By DERON SNYDER
Maybe you’ve heard the expression. Pigs get fat and hogs get slaughtered.
The NFL version has a slight twist.
Quarterbacks get paid and … end of story.
Team president Bruce Allen last month insulted everyone’s intelligence – including his QB – by insisting that Washington offered Kirk Cousins “the highest fully guaranteed amount upon signing for a quarterback in NFL history ($53 million). Allen went on say the terms Cousins rejected “would have made him at least the second highest-paid player by average per year in NFL history.”
Allen’s statement wasn’t simply in poor taste, revealing specifics of a failed negotiation for a player still under contract. It was misleading, too, passing off money already committed to Cousins as part of the $53 million. Essentially, the Skins gave him an opportunity to sign for significantly less than he’ll likely command next year. What a deal!
Elsewhere, quarterback Matthew Stafford signed a five-year extension to remain with the Lions and Derek Carr re-upped for five years with the Raiders.
Your team is officially pathetic when Detroit and Oakland provide better examples of how to conduct business.
By HOWARD MANN
BOWIE, Md. – No one needs to tell Mike Lyles what it’s like to be vulnerable and victimized. That was his life as a young child raised by elderly godparents in Southeast DC.
“My 14-block walk to Catholic school – in uniform – proved to be a daily lesson in survival and negotiation,” says Lyles, Executive Director of the Prince George’s County Human Relations Commission and the top candidate for State’s Attorney. “Growing up like that gave me a deep understanding of violence’s impact in our community and the need for residents to feel safe at home, at work and on the street.”
To enhance the warm feelings associated with a safe, welcoming and nurturing community, he’s hosting “Mike Lyles’ Labor Day Family Cookout” on SUNDAY, SEPT 3, from noon to 4 p.m. The FREE event will be held at 106 Johnsberg Lane. There will be something for everyone, including face-painting for the children, a live DJ and the smooth sounds of Lyles’ band, “The Eye in We.”
More than 300 people and a number of elected officials, community leaders, business executives and candidates for office are expected to attend as Lyles – a former two-term Bowie City Council member and a nationally renowned expert on human trafficking – strives to become Angela Alsobrooks’ successor in the State’s Attorney Office. There also will be a voter registration drive, resource information for crime victims and more.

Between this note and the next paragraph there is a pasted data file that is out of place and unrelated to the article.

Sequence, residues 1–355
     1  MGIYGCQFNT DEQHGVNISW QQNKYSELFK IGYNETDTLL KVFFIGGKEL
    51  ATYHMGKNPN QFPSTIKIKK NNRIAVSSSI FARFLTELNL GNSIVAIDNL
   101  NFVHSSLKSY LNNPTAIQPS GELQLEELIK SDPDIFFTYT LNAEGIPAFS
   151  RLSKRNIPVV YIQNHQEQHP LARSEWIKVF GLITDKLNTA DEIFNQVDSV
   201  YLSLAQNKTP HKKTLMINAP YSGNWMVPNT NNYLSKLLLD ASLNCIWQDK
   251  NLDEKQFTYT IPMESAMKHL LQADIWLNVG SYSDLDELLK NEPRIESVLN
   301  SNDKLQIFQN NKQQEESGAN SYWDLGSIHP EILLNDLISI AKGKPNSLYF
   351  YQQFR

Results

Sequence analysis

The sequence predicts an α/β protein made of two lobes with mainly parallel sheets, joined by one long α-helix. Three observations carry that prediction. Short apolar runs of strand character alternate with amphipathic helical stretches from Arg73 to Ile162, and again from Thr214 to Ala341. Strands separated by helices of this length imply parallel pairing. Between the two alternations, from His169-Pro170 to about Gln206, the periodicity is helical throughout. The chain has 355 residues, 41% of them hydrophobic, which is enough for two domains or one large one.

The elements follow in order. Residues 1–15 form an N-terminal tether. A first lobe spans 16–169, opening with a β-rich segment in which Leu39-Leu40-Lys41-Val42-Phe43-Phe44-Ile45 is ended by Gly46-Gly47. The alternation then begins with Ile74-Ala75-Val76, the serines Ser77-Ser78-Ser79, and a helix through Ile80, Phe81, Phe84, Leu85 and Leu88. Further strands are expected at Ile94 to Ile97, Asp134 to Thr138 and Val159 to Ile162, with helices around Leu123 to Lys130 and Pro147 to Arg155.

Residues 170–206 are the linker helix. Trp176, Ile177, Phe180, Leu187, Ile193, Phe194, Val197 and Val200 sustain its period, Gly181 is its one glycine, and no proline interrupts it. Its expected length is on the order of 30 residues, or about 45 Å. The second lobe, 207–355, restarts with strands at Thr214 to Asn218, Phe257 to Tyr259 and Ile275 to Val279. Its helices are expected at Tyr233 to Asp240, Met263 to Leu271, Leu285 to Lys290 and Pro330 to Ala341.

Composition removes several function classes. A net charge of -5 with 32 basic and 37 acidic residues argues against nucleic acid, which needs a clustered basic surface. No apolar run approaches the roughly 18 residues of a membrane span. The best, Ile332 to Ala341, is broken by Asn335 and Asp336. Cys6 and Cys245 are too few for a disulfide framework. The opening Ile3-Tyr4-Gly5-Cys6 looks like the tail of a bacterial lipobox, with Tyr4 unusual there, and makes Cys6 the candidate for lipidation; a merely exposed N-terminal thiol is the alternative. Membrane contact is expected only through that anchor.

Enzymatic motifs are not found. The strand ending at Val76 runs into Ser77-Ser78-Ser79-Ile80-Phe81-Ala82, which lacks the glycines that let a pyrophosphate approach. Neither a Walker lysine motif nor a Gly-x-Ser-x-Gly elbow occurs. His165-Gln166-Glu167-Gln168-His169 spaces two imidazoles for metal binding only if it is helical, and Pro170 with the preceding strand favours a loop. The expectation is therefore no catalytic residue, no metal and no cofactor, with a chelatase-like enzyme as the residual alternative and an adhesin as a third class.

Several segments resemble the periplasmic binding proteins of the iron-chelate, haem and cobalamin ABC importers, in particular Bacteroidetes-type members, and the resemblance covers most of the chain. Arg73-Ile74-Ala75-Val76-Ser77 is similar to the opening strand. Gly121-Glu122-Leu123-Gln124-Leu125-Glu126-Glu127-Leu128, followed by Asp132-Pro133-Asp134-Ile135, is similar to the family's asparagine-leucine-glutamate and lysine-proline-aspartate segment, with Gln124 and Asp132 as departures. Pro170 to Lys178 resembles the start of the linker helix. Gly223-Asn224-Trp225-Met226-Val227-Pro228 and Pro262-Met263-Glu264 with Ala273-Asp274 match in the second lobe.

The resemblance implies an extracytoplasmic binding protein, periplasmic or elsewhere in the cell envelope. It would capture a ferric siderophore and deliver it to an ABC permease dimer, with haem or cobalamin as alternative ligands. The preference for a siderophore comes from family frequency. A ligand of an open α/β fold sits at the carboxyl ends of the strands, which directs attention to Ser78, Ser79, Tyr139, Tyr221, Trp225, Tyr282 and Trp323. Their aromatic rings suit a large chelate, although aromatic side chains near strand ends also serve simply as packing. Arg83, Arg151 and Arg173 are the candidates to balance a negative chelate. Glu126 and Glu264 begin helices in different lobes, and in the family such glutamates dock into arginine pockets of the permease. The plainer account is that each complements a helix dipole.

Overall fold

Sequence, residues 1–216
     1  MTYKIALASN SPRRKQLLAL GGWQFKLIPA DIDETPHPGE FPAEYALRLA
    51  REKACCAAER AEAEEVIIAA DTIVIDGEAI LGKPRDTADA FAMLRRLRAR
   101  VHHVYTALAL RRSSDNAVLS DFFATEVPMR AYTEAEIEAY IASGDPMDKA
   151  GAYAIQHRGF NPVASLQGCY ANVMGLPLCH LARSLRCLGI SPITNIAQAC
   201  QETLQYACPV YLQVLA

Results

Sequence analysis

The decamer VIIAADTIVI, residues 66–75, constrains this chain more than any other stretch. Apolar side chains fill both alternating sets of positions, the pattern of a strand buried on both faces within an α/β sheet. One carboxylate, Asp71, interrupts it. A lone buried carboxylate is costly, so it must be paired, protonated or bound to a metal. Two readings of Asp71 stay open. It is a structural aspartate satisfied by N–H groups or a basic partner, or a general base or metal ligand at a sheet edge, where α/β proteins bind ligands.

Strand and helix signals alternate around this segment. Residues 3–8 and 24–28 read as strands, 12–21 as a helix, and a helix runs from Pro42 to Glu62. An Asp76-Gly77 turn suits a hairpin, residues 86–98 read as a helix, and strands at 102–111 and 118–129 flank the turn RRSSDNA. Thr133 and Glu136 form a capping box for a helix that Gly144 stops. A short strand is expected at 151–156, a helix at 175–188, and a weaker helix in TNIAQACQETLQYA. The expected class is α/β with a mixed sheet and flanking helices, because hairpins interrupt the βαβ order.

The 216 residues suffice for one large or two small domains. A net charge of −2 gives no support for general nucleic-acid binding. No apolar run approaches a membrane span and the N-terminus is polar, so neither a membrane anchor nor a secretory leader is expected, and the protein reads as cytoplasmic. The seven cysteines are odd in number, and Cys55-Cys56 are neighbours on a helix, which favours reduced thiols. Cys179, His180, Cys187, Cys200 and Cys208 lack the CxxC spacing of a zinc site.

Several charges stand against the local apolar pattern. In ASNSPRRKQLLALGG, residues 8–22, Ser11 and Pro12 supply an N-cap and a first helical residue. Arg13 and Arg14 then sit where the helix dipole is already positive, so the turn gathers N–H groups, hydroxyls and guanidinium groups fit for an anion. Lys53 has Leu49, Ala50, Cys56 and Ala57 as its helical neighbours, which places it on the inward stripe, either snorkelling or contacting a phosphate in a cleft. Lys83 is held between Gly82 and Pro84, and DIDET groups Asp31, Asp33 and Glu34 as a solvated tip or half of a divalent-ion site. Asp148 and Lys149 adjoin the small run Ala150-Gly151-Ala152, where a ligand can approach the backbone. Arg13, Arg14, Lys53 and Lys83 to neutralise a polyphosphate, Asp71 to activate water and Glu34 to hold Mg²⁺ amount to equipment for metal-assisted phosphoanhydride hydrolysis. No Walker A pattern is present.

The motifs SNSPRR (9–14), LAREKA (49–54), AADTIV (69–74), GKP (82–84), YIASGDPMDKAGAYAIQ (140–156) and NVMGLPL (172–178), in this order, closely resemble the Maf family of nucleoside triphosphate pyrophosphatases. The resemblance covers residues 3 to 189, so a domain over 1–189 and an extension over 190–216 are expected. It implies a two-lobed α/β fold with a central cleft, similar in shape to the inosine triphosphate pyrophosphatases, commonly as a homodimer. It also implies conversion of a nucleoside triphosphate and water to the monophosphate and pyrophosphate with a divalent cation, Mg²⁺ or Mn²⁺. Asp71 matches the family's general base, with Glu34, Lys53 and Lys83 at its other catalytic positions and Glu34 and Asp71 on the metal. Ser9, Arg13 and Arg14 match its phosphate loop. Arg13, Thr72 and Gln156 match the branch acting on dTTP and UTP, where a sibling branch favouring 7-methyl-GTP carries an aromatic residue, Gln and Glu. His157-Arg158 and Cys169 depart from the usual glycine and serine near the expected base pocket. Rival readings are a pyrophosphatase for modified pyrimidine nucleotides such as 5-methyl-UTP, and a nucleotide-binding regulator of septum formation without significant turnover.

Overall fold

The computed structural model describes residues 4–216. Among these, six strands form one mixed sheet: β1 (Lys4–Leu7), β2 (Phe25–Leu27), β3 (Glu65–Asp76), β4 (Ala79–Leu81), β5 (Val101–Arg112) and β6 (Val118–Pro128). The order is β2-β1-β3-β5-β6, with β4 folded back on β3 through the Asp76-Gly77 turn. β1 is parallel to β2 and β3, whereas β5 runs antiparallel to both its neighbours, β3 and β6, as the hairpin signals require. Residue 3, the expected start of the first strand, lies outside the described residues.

Lyles looks forward to exchanging ideas with residents and having a great time in this farewell to summer. It’s a way to give back and show where his heart lies.
“My commitment is to ensure that this wonderful county continues to be a safe place to live and raise a family,” he says. “To that end, I will tirelessly seek justice to ensure the safety of our residents, while also ensuring fairness for those charged with crimes.”
To learn more about his “Compassionate Justice” campaign and make a donation, visit www.votemikelyles.com.
By DERON SNYDER
We thought the NBA offseason couldn’t get any juicer after the blockbuster trade between Cleveland and Boston, which followed a sea change of summer movement involving Jimmy Butler, Paul George, Chris Paul and others.
The Kyrie Irving-Isaiah Thomas deal was unlike any in NBA history, with a potential league-wide ripple effect. The top two contenders in a conference don’t exchange All-Star players at the same position, especially the season after meeting in the conference finals. Players taken at opposite ends of a draft (Irving, first in 2011, and Thomas, dead-last the same year) aren’t traded for one another.
That’s crazy, right?
Maybe too crazy to materialize.
Cleveland received an impressive haul for its disgruntled point guard, netting Thomas, starter Jae Crowder, prospect Ante Zizcic and Brooklyn’s unprotected 2018 first-round pick. In theory, that package is enough to make LeBron James reconsider leaving Ohio, a relocation that’s widely presumed to occur after next season.
But now, everything is in limbo, reportedly because the Cavaliers don’t like the looks of Thomas’ hip. They might ask Boston to sweeten the deal, which could lead to a voided trade with everyone remaining in place.
By DERON SNYDER
Trades like this week’s stunner, Cleveland and Boston swapping All-Star point guards rarely happen.
In one sense, it’s unprecedented: We’ve never seen the first player selected in a draft (Kyrie Irving, 2011) traded for the last player selected in the same draft (Isaiah Thomas). We also seldom see the top two contenders in a conference strike a deal that arguably makes their rival stronger.